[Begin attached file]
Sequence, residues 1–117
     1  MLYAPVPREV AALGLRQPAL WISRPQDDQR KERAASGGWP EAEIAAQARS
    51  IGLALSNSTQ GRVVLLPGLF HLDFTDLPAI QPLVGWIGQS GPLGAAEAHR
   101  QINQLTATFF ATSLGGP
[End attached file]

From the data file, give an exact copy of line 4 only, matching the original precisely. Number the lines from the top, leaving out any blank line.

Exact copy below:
   101  QINQLTATFF ATSLGGP